What about you? How did you use what you learned in school in your work? How did you end up at your current job/program?

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13 comments on “Accidental Academic: My Experience In Grad School

  1. Thanks for sharing!! I appreciate you taking the time to answer my questions. 😊 Also, you’re really good at leaving me wanting more. Now I’m curious about your thesis topic if you can even share that. Even if you can’t, could you take it a step further after graduation and turn it into an opportunity? 🤔

    • Thanks for asking! I don’t mean to be mysterious, but I’ll take it! I’m trying to figure how much I’m comfortable with sharing on my blog, so I guess that’s the unintended effect.

      I’m taking a look at what kind of things make higher education difficult for students from underprivileged backgrounds and what kind of things make it easier for them. I guess it’s one of those “macro” kind of topics you mentioned in your May Goals comment. I definitely think I could turn it into an opportunity after I graduate, but I think I’m asking myself if it’s something I want to do. I could see how this might enable me to do more work in university, either in terms of further research, or in terms of program development. But I’m also asking myself whether I really want to stay in academia or if I should pivot and try something else. I have this terrible tendency of not going after what I want, opting to go with what sounds good or what other people want me to do instead.

      Let’s Build Futures had a post on something she called The Pull, and it’s something I’ve been going through. All the childhood interests I thought I put away have been resurfacing, and I’m feeling inclined to follow them this time around. Hoping to write a bit more about my what-do-I-do-next journey, since I’m always so interested in everyone else’s, but it doesn’t feel interesting when I’m going through it – just very confusing!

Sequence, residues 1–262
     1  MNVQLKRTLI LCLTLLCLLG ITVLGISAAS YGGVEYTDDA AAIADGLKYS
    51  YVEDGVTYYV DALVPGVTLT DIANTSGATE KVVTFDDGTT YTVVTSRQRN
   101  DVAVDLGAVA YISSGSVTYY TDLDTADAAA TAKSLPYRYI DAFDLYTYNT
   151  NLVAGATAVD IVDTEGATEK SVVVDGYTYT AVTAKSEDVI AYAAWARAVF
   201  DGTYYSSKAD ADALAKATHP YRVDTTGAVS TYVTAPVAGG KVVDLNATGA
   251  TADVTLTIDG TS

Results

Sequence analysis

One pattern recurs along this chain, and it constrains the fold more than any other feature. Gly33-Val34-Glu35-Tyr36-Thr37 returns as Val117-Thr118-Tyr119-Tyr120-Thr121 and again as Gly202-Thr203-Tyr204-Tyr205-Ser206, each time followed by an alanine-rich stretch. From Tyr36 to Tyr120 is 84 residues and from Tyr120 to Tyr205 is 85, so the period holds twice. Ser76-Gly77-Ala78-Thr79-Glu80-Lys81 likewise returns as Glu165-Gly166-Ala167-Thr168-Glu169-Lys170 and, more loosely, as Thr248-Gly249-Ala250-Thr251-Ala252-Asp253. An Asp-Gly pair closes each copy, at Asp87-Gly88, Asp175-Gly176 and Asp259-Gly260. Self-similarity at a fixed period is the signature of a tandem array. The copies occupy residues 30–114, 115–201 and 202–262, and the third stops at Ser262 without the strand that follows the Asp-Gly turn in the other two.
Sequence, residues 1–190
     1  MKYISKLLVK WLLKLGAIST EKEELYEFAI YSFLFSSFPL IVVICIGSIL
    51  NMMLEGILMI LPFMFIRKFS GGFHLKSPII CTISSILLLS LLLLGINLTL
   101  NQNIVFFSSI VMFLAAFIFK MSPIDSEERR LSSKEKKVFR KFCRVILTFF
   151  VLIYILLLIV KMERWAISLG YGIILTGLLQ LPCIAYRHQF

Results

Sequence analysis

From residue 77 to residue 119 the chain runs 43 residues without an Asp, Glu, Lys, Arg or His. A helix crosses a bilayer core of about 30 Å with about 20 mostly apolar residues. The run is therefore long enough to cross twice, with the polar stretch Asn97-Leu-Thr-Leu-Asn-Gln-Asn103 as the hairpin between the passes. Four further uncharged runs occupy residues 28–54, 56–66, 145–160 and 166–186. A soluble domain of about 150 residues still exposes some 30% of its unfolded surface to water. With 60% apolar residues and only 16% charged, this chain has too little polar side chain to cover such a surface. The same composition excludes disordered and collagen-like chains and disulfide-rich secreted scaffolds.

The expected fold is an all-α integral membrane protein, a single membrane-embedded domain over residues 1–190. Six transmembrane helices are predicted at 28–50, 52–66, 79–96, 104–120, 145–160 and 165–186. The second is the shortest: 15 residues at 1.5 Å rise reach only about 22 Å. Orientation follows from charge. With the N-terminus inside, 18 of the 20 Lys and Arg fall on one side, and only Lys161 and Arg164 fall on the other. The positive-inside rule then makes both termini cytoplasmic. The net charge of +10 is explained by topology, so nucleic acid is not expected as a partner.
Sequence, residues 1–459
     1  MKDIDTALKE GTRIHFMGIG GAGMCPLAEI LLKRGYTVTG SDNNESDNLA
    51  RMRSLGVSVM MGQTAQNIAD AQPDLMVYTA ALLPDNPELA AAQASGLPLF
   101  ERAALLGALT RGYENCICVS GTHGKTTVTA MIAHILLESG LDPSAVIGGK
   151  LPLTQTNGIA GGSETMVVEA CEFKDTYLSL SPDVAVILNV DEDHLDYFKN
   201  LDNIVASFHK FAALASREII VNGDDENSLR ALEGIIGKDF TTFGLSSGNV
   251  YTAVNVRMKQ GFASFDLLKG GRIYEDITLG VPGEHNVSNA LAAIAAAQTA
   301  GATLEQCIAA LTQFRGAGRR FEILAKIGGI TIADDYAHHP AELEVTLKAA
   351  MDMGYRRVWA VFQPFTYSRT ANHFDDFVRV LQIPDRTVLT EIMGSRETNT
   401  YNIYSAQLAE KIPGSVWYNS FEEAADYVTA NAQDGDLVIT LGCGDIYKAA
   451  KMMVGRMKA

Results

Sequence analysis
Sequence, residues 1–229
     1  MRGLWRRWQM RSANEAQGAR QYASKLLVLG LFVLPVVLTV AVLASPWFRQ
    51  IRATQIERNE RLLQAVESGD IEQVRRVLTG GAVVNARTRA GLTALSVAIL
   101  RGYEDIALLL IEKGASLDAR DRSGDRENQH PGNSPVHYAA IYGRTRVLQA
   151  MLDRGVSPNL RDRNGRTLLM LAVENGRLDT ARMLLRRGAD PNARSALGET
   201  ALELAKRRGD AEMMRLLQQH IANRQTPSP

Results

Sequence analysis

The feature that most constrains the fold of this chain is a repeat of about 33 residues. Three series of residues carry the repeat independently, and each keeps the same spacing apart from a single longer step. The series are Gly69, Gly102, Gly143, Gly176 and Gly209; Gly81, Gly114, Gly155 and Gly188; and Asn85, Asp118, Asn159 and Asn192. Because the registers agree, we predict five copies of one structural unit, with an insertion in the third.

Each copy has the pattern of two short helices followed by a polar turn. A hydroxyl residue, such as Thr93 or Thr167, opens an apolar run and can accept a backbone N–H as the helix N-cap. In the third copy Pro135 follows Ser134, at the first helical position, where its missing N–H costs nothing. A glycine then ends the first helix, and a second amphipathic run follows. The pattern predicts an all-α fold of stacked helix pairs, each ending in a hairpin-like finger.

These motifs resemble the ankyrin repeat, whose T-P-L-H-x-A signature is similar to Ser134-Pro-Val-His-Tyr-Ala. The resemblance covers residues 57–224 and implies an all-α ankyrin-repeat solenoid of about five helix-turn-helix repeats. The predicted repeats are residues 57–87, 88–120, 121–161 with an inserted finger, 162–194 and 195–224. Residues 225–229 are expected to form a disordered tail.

• Thank you for sharing! I apologize if I ask about anything you’re not willing to share and you can totally choose not answer certain questions.

        I agree, it can be confusing when we are going thru something. It’s usually not until we can take a step back or make it past something and look back on it that we understand what is actually taking place or how things are working out. Can’t wait to see what you come up with!

        And for the resurfacing childhood desires, I’d recommend reading the book The Artist’s Way if you haven’t already. It’s all about nurturing our inner child/artist and doing the things we really want to deep down inside.

        • No need to apologize, it’s so encouraging to know that people want to know more!

          Thanks for the book recommendation – ADDED IMMEDIATELY to my reading list! I feel like I need that book so badly right now!

      • I like that thesis research!

        I’m feeling inclined to follow them this time around! — DO IT!!!

  2. Thanks for sharing your experience with us… Kelli asked some great questions! Glad to hear how reflective you are about this time in your life.

    “I’m convinced that connections make the difference in this hyper-competitive world,” —- BRAVO!!!! YOU’VE TAPPED INTO THE SECRET OF SUCCESS!!! lol… I believe this ever so strongly. I’m reading a book about a man who built a billion-dollar business empire… he had the money to make ‘the purchase’, but those selling didn’t care, they wanted to know ‘how credible’ he was, in other words…. who was he ‘connected to’ that could ‘back him up’.

    So, yes… connections make the difference Drifty!

    Sounds like you have a supportive, helpful and inquisitive network… so you’re surely on the right path! Keep it up.

    PS. What’s the difference between professional and grad school? Also, are you British?

    • Hey, Mac! Always look forward to your comments. It’s honestly so good to hear that I’m onto something, because I’m at a stage where all I have are hunches. It’s too early to see the full benefits of them, so it kind of feels like I’m walking in the dark and hoping things turn out ok.

      Professional school leads to a specific job/applied field, like doctor, lawyer, engineer, nurse, etc. It tends to focus more on applied skills while grad school tends to focus more on research.

      Not British – Canadian! I can do a pretty decent British accent, though! Curious to know what made you think that. Was it my spelling?

      • “because I’m at a stage where all I have are hunches.” —- Girl, welcome to life! lol… That’s what will get you through it 🙂

        Thanks for the professional vs grad school explanation.

        Canadian>>!!?!??! Lol… My mind like automatically goes to British, if not American. You said something about “marks” — Americans would say “grades” 🙂

        • I know, people forget about us but we’re there! Good observation, I didn’t think about that at all!

  3. This was a genuinely really interesting read; all I can say is I have so much confidence that whatever you do you’re going to excel in it. You’re clearly crazy hardworking and dedicated – that’s all you need!x

    • I’m always asking myself whether I’m doing enough (the Imposter Syndrome is too real), so thanks for the encouragement, Mia 🙂 It’s much appreciated.